This page contains a Flash digital edition of a book.
EE Evolution:


Years of Test Technology Powering Test by Tom Lecklider, Senior Technical Editor


EE-Evaluation Engineering continues to celebrate its 50th year of publication by focusing on power supplies and power supply test. The vintage photo of a Siemens-Schuckertwerke Type WJD 700/300 Electrical Machine is appropriate for a power story although we weren’t at the Nürnberger Werk in 1908 to cover completion of the company’s 200,000th machine. Nor did we feature power supplies until the 1980s. That’s not to say that there was no mention of power supplies, just that of- ten they were part of a larger topic, such as power conditioning for ATE.


By the late 1980s, the editorial calendar listed various types of instruments and re- fl ected importance or popularity by the num- ber of articles written each year. An ATE power conditioning article ran in the Janu- ary/February 1983 is- sue and again in 1984, 1985, and 1986. A power supply round-up article ap- peared in April 1987. In the December 1987 issue, Sola advertised UPS and regulator capabilities and BMI power monitoring. An Elgar ATE power ad ran in November 1988, and one from IntePro in December addressed power supply testing.


The December 1989 issue featured a Teal Electronics article on power conditioning and monitoring. Seven power-related articles were published in 1990, perhaps the largest number in the ’90s, but throughout that decade, typically four to six power stories ran each year.


Switch-mode supplies were featured in a 1992 article, “Higher Switching Frequencies Pose Testing Challenges.” And, more highly integrated components were changing power supply design as discussed in a 1990 article. The term smart power seems to have been short-lived although the technology certainly was not. Especially for switch-mode supplies, power ICs with integrated monitoring and control circuitry are the starting points for modern designs.


36 • EE • February 2012 Programmable power supply operation has an obvious link


with ATE, but transient performance can adversely affect DUT testing in several ways. Load transient response attracted at- tention when power supplies were used to simulate batteries in cell phone testing. A number of articles addressed this topic from 1998 to 2002.


Completing the 200,000th Machine Courtesy of Siemens Corporate Archives, Munich


Many distinct product segments emerged including program- mable power, fast tran- sient response supplies, high-voltage supplies, high power density mod- ules, solar panels and related inverters, and power-over-Ethernet ap- plications. In addition, related equipment such as electronic loads and four-quadrant source- measure units (SMUs) had matured into sepa- rate product lines. The September 2009 article “In Search of the Zero-Ohm Load” dis- cussed electronic loads in detail, using examples from Amrel (now part of AMETEK), Chroma Systems Solutions, Ki-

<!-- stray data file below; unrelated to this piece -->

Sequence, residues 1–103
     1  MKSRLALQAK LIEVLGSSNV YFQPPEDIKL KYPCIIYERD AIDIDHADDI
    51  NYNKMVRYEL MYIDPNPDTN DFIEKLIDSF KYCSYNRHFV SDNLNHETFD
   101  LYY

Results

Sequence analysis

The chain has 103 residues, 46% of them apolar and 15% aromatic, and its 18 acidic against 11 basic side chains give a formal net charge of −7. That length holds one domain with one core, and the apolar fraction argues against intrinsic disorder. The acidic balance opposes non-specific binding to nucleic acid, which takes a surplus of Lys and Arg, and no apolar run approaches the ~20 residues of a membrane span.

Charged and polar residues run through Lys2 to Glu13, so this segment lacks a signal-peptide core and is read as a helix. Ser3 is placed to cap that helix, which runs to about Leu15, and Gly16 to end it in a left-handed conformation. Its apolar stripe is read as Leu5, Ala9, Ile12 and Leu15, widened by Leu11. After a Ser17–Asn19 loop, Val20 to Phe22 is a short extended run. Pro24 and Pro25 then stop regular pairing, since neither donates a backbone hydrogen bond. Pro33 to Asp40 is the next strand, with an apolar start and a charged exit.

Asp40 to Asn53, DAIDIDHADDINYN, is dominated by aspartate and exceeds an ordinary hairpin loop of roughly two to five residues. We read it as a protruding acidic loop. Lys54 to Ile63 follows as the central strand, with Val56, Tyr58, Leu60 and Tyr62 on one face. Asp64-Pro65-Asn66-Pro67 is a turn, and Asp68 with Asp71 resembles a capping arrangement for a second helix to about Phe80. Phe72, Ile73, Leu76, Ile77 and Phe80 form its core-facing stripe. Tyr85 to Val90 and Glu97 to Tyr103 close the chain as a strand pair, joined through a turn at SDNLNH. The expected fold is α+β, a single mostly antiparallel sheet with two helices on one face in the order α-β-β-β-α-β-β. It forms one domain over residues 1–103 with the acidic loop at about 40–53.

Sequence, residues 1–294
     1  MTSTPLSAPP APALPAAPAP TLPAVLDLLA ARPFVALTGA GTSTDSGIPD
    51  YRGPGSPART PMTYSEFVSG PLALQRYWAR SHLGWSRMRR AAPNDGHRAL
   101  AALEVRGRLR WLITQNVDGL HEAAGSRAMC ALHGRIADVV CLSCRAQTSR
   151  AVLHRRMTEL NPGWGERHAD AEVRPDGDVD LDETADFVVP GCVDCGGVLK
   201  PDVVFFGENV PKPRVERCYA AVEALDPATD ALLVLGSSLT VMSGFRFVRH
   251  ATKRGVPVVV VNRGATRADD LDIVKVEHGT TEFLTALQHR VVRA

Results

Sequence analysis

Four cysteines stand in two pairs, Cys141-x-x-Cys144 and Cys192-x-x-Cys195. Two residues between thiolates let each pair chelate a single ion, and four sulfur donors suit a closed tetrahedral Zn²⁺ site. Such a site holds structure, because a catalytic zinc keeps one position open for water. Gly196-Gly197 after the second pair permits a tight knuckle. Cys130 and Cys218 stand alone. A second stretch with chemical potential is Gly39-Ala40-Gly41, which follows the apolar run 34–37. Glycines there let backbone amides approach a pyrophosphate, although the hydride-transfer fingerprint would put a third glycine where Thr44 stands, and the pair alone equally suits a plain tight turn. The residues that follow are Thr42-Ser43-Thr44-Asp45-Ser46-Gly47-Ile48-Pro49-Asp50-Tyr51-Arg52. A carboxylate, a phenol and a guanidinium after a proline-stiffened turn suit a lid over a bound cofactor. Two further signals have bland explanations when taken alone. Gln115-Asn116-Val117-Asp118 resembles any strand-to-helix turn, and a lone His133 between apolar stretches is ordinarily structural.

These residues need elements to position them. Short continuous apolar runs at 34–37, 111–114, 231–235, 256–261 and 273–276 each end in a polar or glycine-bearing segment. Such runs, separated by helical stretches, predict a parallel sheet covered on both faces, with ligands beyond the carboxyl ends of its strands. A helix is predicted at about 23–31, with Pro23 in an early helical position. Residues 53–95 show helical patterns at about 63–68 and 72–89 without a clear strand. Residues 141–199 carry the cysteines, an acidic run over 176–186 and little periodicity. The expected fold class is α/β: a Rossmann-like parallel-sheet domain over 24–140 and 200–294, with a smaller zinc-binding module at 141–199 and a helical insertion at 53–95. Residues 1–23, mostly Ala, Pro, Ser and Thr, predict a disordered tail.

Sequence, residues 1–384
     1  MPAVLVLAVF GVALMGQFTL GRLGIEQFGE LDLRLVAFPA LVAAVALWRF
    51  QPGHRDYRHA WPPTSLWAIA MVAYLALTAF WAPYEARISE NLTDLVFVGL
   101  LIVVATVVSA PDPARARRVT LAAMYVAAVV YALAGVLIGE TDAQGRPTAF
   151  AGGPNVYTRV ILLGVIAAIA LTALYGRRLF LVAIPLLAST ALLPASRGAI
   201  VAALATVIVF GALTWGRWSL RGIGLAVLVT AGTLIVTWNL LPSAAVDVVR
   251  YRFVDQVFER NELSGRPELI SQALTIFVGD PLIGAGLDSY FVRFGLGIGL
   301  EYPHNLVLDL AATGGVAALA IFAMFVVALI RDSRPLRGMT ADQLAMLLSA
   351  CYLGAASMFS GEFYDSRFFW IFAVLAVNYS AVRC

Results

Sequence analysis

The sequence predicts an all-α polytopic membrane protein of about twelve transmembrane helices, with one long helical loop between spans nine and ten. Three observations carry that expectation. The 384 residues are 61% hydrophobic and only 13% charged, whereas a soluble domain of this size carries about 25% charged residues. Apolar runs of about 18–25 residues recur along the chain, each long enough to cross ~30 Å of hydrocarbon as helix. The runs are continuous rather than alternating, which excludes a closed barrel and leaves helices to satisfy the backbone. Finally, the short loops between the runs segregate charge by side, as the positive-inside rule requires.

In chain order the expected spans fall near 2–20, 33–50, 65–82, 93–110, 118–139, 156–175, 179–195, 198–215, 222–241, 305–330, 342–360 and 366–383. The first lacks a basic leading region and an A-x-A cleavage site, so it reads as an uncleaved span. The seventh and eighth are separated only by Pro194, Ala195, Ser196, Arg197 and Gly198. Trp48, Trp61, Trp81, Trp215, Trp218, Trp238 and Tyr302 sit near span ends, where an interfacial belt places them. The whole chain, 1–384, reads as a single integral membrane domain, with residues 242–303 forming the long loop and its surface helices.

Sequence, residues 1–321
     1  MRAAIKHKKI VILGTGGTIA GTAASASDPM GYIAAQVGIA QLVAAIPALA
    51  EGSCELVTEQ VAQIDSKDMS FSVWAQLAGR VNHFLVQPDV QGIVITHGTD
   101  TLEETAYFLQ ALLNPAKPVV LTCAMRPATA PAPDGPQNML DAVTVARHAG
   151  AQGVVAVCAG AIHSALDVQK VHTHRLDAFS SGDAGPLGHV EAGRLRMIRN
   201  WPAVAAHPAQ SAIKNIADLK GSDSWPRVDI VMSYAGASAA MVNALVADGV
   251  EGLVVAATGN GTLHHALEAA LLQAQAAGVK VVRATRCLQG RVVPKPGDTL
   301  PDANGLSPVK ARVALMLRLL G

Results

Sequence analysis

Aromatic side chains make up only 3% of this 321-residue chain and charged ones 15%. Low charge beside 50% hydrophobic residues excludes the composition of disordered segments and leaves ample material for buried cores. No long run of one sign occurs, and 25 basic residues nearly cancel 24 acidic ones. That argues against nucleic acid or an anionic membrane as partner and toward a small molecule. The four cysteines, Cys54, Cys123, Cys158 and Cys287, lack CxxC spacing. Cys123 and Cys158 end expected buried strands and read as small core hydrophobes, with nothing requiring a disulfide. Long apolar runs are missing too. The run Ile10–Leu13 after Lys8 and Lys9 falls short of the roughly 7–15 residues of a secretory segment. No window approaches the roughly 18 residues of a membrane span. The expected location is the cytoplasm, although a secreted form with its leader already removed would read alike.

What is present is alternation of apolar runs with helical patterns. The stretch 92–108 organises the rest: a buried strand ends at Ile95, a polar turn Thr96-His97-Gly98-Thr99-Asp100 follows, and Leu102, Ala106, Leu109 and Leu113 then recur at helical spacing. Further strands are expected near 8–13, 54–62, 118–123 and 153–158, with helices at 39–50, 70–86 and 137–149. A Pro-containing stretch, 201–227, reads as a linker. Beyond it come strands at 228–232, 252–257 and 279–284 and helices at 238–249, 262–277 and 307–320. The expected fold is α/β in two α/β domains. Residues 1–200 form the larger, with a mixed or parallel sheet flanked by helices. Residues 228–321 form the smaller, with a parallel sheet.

kusui, and PPM (now sold by Kepco). Solar power simulators were covered in the May 2010 “Lights-Out Solar Power” article. Keithley Instruments’ SMUs now compete with instruments from National Instruments and Agilent Technologies. The very large SMUs, such as AeroVironment’s 800-kW AV-800 used for electric vehicle development, were featured in the June 2011 Special Report “More Than Just a DC Load.” AC power sources also have been the topic of in-depth editorial coverage. An Elgar article ran in 1999, “Specifying an AC Power Source,” and AC sources have been included in several power supply and sources round-up articles during the last decade. “Selecting a Linear or PWM Power Source” by Pacifi c Power Source published in November 2008, and AC power sources again were discussed in the August 2011 Special Report “Flexible and Uncorrupted Power.” As we enter our 51st year, we will feature topics such as the smart grid and solar power generation in addition to our coverage of DC power supplies and AC sources.


www.evaluationengineering.com


Page 1  |  Page 2  |  Page 3  |  Page 4  |  Page 5  |  Page 6  |  Page 7  |  Page 8  |  Page 9  |  Page 10  |  Page 11  |  Page 12  |  Page 13  |  Page 14  |  Page 15  |  Page 16  |  Page 17  |  Page 18  |  Page 19  |  Page 20  |  Page 21  |  Page 22  |  Page 23  |  Page 24  |  Page 25  |  Page 26  |  Page 27  |  Page 28  |  Page 29  |  Page 30  |  Page 31  |  Page 32  |  Page 33  |  Page 34  |  Page 35  |  Page 36  |  Page 37  |  Page 38  |  Page 39  |  Page 40